Home to 2 championship 18 hole courses and a 9 hole par 3 course, Hawk Ridge Golf and Country Club relies heavily on cultural practices to keep the turf healthy and ready for play. The term “cultural practices” refers to manual and mechanical processes that reduce the need for chemical inputs and they are based on scientific knowledge, experience and expertise.
First off, course operators expanded buffer zones to provide homes for wildlife (frogs, ducks, deer, birds), to buffer streams, and to reduce the need for maintenance. Trees that over-shade turf are selectively removed to provide grass access to coveted morning sunlight and provide the full 8 hours needed for strong growth. Other cultural practices include aeration, topdressing with sand, reducing cutting to 2X a week (to reduce stress on the grass), soil testing to advise fertilizer program, and equipment calibration. These practices all support an Integrated Pest Management approach as they help to reduce the need for chemical inputs.
At Hawk Ridge Golf Club, water for irrigation comes from the retention pond, and from the stream running through the property when flow conditions permit. Of course, all water use is carefully tracked with the goal of using as little as possible. Digital moisture metres are used to assess where water is needed, and watering can be precisely directed. For example, small areas are often hand watered. The irrigation system is computer controlled, which allows for precise application of water. Auditing the irrigation system is also an essential step as it ensures leaks, broken or displaced heads or faulty O rings can be fixed.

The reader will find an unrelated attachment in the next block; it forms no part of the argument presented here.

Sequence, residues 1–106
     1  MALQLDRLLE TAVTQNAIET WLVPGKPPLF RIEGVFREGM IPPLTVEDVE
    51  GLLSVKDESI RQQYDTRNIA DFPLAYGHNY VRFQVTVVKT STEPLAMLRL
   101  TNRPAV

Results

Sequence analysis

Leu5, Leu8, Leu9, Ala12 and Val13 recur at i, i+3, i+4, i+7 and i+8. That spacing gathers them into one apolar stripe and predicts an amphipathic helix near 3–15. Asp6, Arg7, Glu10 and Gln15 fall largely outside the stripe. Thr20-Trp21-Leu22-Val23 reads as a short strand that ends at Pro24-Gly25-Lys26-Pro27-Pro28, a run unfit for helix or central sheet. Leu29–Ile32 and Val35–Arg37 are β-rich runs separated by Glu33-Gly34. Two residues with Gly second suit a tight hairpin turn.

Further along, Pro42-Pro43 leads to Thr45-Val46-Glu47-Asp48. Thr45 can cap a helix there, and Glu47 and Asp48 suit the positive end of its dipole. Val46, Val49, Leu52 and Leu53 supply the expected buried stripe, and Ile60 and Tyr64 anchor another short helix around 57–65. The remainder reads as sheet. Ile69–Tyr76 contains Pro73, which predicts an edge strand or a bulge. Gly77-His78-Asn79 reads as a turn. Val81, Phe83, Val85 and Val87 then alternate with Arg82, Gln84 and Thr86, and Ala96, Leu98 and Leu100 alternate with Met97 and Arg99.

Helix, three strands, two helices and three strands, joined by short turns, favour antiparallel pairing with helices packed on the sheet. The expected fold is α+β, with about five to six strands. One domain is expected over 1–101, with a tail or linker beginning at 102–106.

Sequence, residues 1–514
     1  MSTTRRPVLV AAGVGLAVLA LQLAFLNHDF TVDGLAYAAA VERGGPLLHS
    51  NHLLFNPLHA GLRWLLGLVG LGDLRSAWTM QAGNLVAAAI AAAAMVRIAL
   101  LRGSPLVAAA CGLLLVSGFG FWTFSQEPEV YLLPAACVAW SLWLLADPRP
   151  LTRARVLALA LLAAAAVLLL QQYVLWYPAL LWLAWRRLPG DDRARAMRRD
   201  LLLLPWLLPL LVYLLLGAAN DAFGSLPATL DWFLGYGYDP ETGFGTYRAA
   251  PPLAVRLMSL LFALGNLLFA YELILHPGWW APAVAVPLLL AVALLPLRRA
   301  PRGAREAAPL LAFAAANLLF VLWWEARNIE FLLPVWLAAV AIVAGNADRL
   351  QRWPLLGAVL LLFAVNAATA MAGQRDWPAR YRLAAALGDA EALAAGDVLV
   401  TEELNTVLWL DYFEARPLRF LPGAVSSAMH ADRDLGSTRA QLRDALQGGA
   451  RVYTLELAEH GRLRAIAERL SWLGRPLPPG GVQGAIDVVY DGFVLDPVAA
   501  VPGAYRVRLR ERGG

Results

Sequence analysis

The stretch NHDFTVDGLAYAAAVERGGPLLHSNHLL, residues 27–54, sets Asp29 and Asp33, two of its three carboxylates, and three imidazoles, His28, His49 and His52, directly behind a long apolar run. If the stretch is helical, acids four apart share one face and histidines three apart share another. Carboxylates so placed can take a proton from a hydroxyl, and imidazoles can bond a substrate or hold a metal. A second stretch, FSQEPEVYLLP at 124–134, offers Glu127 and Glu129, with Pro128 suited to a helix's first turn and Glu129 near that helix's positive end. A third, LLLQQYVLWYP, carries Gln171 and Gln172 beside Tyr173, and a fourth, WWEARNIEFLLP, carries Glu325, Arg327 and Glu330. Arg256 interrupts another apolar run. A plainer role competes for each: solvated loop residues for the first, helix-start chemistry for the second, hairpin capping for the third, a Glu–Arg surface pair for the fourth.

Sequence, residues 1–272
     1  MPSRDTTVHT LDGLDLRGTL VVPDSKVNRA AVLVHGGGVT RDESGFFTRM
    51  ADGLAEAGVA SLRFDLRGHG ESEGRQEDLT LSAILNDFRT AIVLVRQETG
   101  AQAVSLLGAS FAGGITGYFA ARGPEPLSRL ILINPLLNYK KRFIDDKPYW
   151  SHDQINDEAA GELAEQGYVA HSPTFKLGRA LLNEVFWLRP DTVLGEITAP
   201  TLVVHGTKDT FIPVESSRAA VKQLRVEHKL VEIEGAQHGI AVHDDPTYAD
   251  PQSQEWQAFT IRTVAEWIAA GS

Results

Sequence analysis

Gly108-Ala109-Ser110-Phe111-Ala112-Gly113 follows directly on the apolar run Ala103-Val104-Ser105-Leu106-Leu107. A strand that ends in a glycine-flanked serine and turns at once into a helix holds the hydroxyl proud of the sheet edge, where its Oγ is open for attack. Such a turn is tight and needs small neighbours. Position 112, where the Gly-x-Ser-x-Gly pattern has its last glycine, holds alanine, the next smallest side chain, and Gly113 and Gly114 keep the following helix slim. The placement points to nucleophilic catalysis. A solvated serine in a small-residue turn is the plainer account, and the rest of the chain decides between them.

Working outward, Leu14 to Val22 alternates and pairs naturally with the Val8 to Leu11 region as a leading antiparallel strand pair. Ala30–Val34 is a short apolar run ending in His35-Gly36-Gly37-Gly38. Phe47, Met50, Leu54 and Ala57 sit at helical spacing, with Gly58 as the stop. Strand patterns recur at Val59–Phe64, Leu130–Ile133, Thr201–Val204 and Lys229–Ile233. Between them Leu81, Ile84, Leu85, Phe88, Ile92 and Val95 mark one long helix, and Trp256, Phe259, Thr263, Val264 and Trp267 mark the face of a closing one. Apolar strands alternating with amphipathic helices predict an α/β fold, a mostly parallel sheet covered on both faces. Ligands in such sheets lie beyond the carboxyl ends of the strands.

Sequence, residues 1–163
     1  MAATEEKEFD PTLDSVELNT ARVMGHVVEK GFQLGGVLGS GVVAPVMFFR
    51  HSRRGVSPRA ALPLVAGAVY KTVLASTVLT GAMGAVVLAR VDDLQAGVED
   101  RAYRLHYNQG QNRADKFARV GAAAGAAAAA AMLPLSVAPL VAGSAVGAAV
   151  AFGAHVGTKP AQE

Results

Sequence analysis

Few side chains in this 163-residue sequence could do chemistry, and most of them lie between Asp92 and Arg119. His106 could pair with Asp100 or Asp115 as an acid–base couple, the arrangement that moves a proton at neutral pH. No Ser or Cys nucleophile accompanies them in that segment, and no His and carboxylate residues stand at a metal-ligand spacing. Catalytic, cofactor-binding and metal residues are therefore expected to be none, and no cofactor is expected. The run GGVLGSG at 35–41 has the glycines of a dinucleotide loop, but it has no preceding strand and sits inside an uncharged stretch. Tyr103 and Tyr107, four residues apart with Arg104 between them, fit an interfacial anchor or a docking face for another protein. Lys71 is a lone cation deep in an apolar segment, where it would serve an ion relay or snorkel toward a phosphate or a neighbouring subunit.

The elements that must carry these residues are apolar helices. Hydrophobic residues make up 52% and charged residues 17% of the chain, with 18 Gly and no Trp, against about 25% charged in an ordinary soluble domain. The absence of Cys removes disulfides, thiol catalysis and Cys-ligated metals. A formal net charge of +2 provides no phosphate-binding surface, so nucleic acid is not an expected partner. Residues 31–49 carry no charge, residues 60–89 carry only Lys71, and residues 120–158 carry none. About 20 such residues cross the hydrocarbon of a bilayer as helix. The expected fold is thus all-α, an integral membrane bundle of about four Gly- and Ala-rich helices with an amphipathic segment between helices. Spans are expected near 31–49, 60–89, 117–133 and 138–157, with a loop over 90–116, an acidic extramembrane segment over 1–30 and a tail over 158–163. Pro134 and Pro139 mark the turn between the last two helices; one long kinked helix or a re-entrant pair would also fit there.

As members of the golf community, Hawk Ridge course operators network with colleagues for information and problem solving. Valued sources of information include social media, research centres, golf association events, and continuing education events under the IPM program.
Hawk Ridge Golf and Country Club also hosts weddings and events.